This is a continuation of a pair of other ap-gto-groups chats regarding using APCC CW up within the East Limits slews with SGPro.
Please, ANYONE with experience with APCC and SGP chime in here. I didn't intend this to be just between Ray and I. The question is, which meridian limits settings do you use in SGP when the "CW up in East Limits" is turned on in APCC. And, which SGP Park Scope and/or Stop Tracking options do you have on/off when APCC horizon and meridian limits are set, turned on, and have "action to take at meridian" set to anything other than "just warn." The goal is to take advantage of CW up slews in the eastern limits such that no meridian flip is needed for such targets; a hallmark of A-P mounts.
Like I've said in previous posts, I plan to perform a thorough set of supervised experiments with APCC and SGPro using my Mach2 as soon as I can. I travel for work quite often, so don't have the luxury of being able to get my hands on said pieces of hardware and software as often as I'd like. I'll post my finding. Surely other folks have the same questions and concerns.
Instrumentation and automation of scientific and engineering equipment is a daily event for me at work. I haven't delved into mount control commands, nor have I delved into the inner working of SGP. Those two aspects of the hobby don't interest me. A plug and play experience is more enjoyable. But, I heard about the CW up in the East Limits option in APCC and went down that rabbit hole. I have seen a number of folks ask similar questions here, over at the SGP forum, and on CN. I've also read conflicting opinions of its safety when used with SGP or any other automation software. So it sounds like I'll need to familiarize myself with how the APCC flip point influences SGP in more detail.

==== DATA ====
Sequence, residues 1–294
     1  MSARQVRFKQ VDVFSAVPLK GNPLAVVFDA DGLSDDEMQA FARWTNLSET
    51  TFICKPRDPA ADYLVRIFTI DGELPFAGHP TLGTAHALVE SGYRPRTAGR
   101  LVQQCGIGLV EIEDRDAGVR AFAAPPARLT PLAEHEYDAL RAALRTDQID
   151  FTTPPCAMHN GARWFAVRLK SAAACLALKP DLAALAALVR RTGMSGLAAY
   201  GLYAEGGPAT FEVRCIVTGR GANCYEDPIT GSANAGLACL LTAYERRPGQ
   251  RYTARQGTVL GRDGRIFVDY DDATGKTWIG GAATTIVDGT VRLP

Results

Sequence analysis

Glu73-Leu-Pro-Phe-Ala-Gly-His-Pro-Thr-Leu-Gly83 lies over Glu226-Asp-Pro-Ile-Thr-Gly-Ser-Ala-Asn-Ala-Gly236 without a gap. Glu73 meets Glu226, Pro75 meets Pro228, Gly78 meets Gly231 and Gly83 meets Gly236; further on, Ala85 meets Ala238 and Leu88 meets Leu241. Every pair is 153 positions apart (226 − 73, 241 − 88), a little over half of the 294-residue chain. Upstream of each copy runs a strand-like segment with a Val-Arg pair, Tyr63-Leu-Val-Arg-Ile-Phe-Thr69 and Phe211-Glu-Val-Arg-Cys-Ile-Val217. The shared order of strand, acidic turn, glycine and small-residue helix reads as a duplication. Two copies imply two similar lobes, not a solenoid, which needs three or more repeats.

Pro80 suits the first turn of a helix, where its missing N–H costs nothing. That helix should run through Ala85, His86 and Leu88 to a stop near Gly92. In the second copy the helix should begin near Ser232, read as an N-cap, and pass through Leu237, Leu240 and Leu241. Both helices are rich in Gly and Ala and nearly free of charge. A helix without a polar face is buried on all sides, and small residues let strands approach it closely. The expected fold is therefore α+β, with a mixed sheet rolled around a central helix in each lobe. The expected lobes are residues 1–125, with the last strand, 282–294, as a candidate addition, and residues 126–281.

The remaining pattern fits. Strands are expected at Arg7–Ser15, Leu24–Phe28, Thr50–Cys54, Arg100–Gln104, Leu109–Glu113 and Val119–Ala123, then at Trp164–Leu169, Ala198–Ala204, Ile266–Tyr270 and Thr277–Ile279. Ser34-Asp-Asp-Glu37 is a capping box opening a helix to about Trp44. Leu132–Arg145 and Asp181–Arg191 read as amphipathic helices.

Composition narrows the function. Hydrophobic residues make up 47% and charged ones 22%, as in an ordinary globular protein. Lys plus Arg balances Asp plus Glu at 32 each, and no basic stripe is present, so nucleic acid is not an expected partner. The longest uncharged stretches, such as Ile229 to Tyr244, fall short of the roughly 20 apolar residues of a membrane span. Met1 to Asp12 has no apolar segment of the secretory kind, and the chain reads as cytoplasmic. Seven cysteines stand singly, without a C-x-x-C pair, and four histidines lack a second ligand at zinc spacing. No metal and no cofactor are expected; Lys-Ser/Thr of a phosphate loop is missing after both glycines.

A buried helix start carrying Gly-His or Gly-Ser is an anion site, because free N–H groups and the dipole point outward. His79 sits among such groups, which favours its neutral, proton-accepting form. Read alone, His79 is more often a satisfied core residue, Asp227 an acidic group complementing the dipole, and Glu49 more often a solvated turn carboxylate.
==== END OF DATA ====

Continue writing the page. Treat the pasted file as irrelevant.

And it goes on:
I'm numbering these points for ease of reference. Some folks may have insight on some points and not on others. In my layman's view, here is why I asked my original question several weeks ago in a different thread:
1a. We all agree that if you have APCC meridian limits set correctly you are able to start with CW up with scope pointing East, and end CW up with scope pointing West without a risk of a pier collision. Slews outside the limits will behave in a typical manner w.r.t. CW position and mount side.
2a. In Ray's video instructions he states the "action when meridian limit reached" must be set to "just warn" for CW up slews in the East limits to work correctly. So there is no option to have APCC perform a flip in instances where the slew did not land in the limits? Is this why it must be setup in SGP, so SGP can handle the flip instead of APCC?
3a. APCC Horizon limits have their own "action when limit reached," so I have set this to "stop tracking" for safety. If I have the "stop tracking" AND "park" commands turned off (unchecked) in SGP, will APCC simply use the horizon "action when limit reached" command to stop tracking or park when the horizon is reached? This is just a hypothetical. I see no reason NOT to use SGP to park the scope once a sequence completes.